I. Definition

  1. Traditional definition = < 4 bowel movements per week
  2. Patients may define it based on stools that are hard in texture or difficult to pass
  3. "Rome III" diagnostic criteria-2 or more of:
    1. Straining at 25% or more of defecations
    2. Lump or hard stools in 25% or more of defecations
    3. Sensation of incomplete evaucation in 25% or more of defecations
    4. Sensation of anorectal obstruction in 25% or more of defecations
    5. Manual maneuvers to facilitate 25% or more of defecations
    6. < 3 defecations per week

    AND...Loose stools rarely present without use of laxatives

    AND...Doesn't meet criteria for irritable bowel syndrome

  4. Classification
    1. Functional (aka "primary")
      1. Normal transit
        1. Pt has symptoms, but stool movement through colon is normal
        2. Usually responds to fiber supplementation or laxatives
      2. Slow transit
        1. Stool transit time through colon is prolonged (can be confirmed on radiology motility studies)
        2. Symptomatology may include infrequency of urge to defecate; bloating; and abdominal discomfort
        3. Tends not to respond to fiber supplementation or laxatives
        4. May respond to biofeedback
      3. Outlet aka "pelvic floor dysfunction
        1. Lack of coordination of muscles of pelvic floor during attempted defecation, so stool is in rectum but is not expelled
        2. Colonic transit time is usually normal
        3. Symptomatology may include prolonged straining at stool, soft stools that are difficult to pass, and rectal discomfort
        4. Does not usually respond to traditional medical treatment; may respond to biofeedback and relaxation training
    2. Secondary
      1. Medications: aluminum-containing antacids, opiate analgesics, anticholinergives, certain antidepressants, antihistamines, antiparkinsonians, antipsychotics, anticonvulsants,antispasmodics, and diuretics
      2. Depression
      3. Diabetes mellitus
      4. Hypothyroidism
      5. Depression
      6. Anal fissures
      7. Autonomic neuropathy
      8. Colorectal Ca
      9. Hypercalcemia
      10. Hypokalemia
      11. Hypomagnesemia
      12. Multiple sclerosis
      13. Parkinson's
      14. Spinal cord injury

II. Risk factors

  1. Female gender
  2. Older age
  3. Inactivity
  4. Low caloric intake
  5. Low-fiber diet

III. Evaluation of the patient with constipation

  1. History
    1. Frequency of urge to defecate and actual defecation
    2. Stool consistency
    3. Sense of incompelte evacuation?
    4. Straining associated with bowel movements, particularly with soft stools? (suggests pelvic floor dysfunction)
    5. Symptoms accompanying or associated with bowel movements
    6. Other GI symtpoms including abodminal pain and bloating
    7. Complete medicaiton history including laxatives
    8. Nutritional habits
    9. Symptoms of depression?
    10. "Alarm" symptoms:
      1. Unintended weight loss
      2. Hematochezia
      3. Melena
      4. Narrowing of in stool caliber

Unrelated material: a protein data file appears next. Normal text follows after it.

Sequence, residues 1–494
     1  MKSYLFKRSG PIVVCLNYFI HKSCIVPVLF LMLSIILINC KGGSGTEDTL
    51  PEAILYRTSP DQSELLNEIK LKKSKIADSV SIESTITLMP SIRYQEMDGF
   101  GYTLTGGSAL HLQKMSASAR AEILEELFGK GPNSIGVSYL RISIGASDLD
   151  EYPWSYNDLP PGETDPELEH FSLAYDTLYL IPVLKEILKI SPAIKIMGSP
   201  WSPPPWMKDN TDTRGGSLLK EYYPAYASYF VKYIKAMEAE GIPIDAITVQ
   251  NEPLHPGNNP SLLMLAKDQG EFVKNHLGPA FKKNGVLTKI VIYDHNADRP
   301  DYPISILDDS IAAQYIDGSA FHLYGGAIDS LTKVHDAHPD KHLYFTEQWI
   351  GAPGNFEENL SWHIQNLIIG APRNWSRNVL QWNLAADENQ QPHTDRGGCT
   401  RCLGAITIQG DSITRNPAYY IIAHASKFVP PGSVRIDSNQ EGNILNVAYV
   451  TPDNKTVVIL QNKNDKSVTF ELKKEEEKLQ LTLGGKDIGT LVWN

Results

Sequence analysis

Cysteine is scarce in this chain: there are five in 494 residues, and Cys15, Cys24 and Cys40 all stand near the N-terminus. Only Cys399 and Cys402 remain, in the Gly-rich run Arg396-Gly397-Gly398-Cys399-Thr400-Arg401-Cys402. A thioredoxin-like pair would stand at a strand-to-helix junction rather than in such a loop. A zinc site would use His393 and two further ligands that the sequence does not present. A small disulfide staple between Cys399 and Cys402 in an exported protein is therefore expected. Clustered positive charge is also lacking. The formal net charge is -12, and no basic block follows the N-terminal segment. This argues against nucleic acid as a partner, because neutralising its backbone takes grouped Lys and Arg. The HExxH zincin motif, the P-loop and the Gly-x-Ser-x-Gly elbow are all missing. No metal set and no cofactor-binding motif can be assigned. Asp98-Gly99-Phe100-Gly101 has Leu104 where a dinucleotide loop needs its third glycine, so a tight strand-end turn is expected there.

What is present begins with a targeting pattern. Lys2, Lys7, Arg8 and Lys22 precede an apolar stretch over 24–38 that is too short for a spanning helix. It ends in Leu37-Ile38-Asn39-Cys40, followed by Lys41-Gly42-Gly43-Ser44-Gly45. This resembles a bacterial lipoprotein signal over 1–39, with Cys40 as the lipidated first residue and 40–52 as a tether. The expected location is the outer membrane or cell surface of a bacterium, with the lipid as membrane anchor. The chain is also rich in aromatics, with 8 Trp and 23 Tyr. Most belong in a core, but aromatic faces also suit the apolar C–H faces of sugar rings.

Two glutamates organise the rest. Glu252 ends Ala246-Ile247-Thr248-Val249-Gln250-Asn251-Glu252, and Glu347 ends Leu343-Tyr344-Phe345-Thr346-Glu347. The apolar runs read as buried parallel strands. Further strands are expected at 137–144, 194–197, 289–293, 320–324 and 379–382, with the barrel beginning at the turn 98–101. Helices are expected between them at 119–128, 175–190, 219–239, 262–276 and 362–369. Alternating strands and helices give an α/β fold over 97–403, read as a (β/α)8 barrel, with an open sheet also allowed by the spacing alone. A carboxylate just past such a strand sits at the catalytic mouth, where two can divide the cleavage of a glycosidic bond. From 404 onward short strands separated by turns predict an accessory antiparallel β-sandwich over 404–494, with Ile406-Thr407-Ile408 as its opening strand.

5. Acute onset of constipation in an older patient
  2. Physical examination
    1. Vital signs including weight
    2. Signs of anemia
    3. Abdominal exam for masses, hepatomegaly, etc.
    4. Anal/rectal exam including anal wink, hemorrhoids, fissures, rectal prolapse, warts
      1. Ask pt to strain as if having a bowel movement-lok for stool leakage (possible impaction) or rectal prolapse
      2. Check stools for occult blood
    5. "Alarm" signs:
      1. Unexplained weight loss
      2. Lack of anal wink (suggests potential sacral nerve pathology)
      3. Heme-positive stools
      4. Evidence of iron-deficiency anemia
      5. Rectal prolapse
  3. Other diagnostic evaluation
    1. Consider endoscopy if "alarm" symptoms or signs are present
  4. In one cohort study in 88 children (mean age 50mos) with intractible constipation (< 2 bowel movements weekly for > 3mos with no response to laxatives, enemas, or suppositories) and no h/o Hirschsprung disease, all of whom underwent spinal MRI, 9% had spinal cord abnormalities, including 6 with tethered cords.  All of these children had normal neurologic examinations and no neurologic symptoms (J. Peds. 145:409, 2004--JW)

IV. Management approaches for functional constipation

  1. First-line treatments
    1. Increased dietary fiber
    2. Increased water intake
    3. Increased exercise
    4. Biofeedback therapy in pts with pelvic floor dysfunction
  2. Second-line treatments
    1. Osmotic agents
      1. Magnesium hydroxide
      2. Lactulose
    2. Polyethylene glycol (Miralax)
      1. An osmotic laxative
      2. Not absorbed from the intestinal tract
      3. Hydrates stool without causing electrolyte shifts
      4. 68g PO may be the most effective dose
      5. Dose in kids = 0.8g/kg/d
  3. Other treatments
    1. Glycerin or Dulcolax (bisacodyl) suppositories (may cause rectal burning)
    2. Fleet's enema
    3. Enemas of soapsuds or milk/mollases slurry
    4. Mineral oil 15ml PO
    5. Stool softeners: colace (diocytl NaSulfosuccinate), maltsupex (malt soup extract)
    6. Senekot (senna concentrate, a direct bowel stimulant). Dose 1/2tsp BID for 1mo-1yr, 1tsp 1-5y, 2tsp 5-15y
    7. Tegaserod
      1. In a randomized trial in 1,348 adults (90% women) with chronic constipation, tegaserod 2-6mg BID vs. placebo x 12wks was ass'd with sig. higher response rates (43% vs. 25%); no rebound constipation seen during a 4-wk withdrawal period (Clin. Gastroenterol. Hepatol. 2:796, 2004--JW)
    8. Lubiprostone (Amitiza) 24ug BID with food
      1. A GI motility enhancer; activates chloride chanels in GI mucosa, increasing intestinal fluid secretion
  4. In kids 11mo-6yo with constipation, switching from cow's milk to soy milk can be effective (NEHM 339:1100, 1998--JW)

(Sources include AFP 84:299-306, 2011)